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Visual analysis is pragmatic, not just “pretty”

So many of us who feel drawn to visual analysis can’t understand why everyone can’t see the value. “Pretty pictures,” the skeptics mutter. On Eager Eyes, Robert Kosara makes important points that I haven’t seen before.

Toward the end of his post he writes, “We need a new term.” He rejects the aged and indefinite “visualization” and the baggage-laden “visual analytics.” He prefers “visual analysis.”

Whatever we call it, it’s harder to use than it seems.

You have seen the bar and pie charts, but do you actually know what they mean? Do you know how to use them to tease the relevant information out of your data? Can you handle more than two dimensions of data and still find meaningful structures? There is so much more to visual analysis than what Excel offers you.

Good, but then he’s not clear. He writes, “The key problem is that people are much more interested in clicking through interesting pictures than learning about actual analysis work done using visualization.”

Which people? He can’t mean the ones who actually analyze. He must mean the casual users, the data consumers, the armchair analysts — and they will always click through. He writes that those who value visual analysis have to fight the idea that it’s just pretty “or risk the trivialization and marginalization of visualization as an analytic tool.”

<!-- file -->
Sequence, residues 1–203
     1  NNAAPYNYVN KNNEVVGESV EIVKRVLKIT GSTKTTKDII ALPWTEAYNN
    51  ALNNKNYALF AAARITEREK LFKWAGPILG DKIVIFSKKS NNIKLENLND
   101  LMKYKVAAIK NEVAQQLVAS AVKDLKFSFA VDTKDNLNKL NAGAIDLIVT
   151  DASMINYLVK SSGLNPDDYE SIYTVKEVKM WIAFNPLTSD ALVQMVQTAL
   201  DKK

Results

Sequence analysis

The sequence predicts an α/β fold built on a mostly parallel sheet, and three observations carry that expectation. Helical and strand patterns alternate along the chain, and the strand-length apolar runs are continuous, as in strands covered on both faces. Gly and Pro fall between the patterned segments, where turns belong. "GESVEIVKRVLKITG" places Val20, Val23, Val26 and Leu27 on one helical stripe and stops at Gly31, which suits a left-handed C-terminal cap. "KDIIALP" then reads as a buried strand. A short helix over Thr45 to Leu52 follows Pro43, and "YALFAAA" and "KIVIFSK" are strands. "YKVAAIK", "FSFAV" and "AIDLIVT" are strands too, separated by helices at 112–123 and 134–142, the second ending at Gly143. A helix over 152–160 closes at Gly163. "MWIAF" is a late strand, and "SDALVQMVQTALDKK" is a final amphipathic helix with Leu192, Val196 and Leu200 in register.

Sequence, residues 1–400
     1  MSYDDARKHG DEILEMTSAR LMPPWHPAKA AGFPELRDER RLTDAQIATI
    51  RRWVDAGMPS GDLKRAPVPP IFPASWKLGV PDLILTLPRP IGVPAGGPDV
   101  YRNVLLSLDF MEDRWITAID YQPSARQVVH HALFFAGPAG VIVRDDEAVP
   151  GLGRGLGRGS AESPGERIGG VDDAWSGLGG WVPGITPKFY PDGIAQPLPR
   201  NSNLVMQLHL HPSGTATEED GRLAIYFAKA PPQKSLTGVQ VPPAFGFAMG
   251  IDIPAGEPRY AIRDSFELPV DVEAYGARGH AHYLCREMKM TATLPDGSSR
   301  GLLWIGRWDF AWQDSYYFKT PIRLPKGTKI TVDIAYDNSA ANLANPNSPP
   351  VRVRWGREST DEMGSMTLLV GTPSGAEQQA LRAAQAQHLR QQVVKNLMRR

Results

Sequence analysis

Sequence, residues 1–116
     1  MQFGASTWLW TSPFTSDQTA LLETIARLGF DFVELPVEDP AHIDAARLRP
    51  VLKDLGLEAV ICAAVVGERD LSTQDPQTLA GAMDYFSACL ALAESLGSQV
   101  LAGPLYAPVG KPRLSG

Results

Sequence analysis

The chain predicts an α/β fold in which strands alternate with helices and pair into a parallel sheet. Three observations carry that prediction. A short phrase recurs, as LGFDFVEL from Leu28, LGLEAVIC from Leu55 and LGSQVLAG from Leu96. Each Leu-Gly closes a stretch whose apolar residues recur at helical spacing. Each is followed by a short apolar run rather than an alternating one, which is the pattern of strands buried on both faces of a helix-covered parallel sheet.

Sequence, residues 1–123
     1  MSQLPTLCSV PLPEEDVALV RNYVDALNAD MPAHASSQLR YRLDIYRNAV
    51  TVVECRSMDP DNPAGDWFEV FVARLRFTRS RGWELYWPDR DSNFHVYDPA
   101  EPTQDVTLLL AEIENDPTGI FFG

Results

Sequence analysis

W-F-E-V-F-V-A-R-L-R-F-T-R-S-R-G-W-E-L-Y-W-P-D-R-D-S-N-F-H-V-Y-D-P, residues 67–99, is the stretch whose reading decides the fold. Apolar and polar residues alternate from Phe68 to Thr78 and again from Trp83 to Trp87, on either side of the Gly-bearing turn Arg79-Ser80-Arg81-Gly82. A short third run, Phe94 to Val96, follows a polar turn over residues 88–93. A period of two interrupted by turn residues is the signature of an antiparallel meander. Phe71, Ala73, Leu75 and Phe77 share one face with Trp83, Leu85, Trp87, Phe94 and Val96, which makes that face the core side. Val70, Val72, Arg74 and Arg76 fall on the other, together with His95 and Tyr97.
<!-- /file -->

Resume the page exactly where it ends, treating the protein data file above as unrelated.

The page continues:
You’d think the tide was coming in an threatening a sand castle. But from everything I’ve seen, genuine visual analysis seems to be more and more popular. Even elementary visual analysis works better than the ugly alternatives.

Who are we fighting? The ones who don’t care and never will? No, they’re no more a threat than fast food is a threat to good food. To most people, fast food is good enough — and so are pie charts.

The ones to watch out for are those who sell fast food under the good food banner — the ones who’d propagate sloppy techniques and call it visual analysis. That’ll really spoil our appetite.

For more on “good food,” don’t miss the “Information Visualization Manifesto.”

One comment

  1. Dan Murray says:

    I spent years analyzing data the old way. With visual analysis, the “whole” set of data is alive. Seeing whole sets with the appropriate tool that allows for rapidly changing the context is a different way to work.

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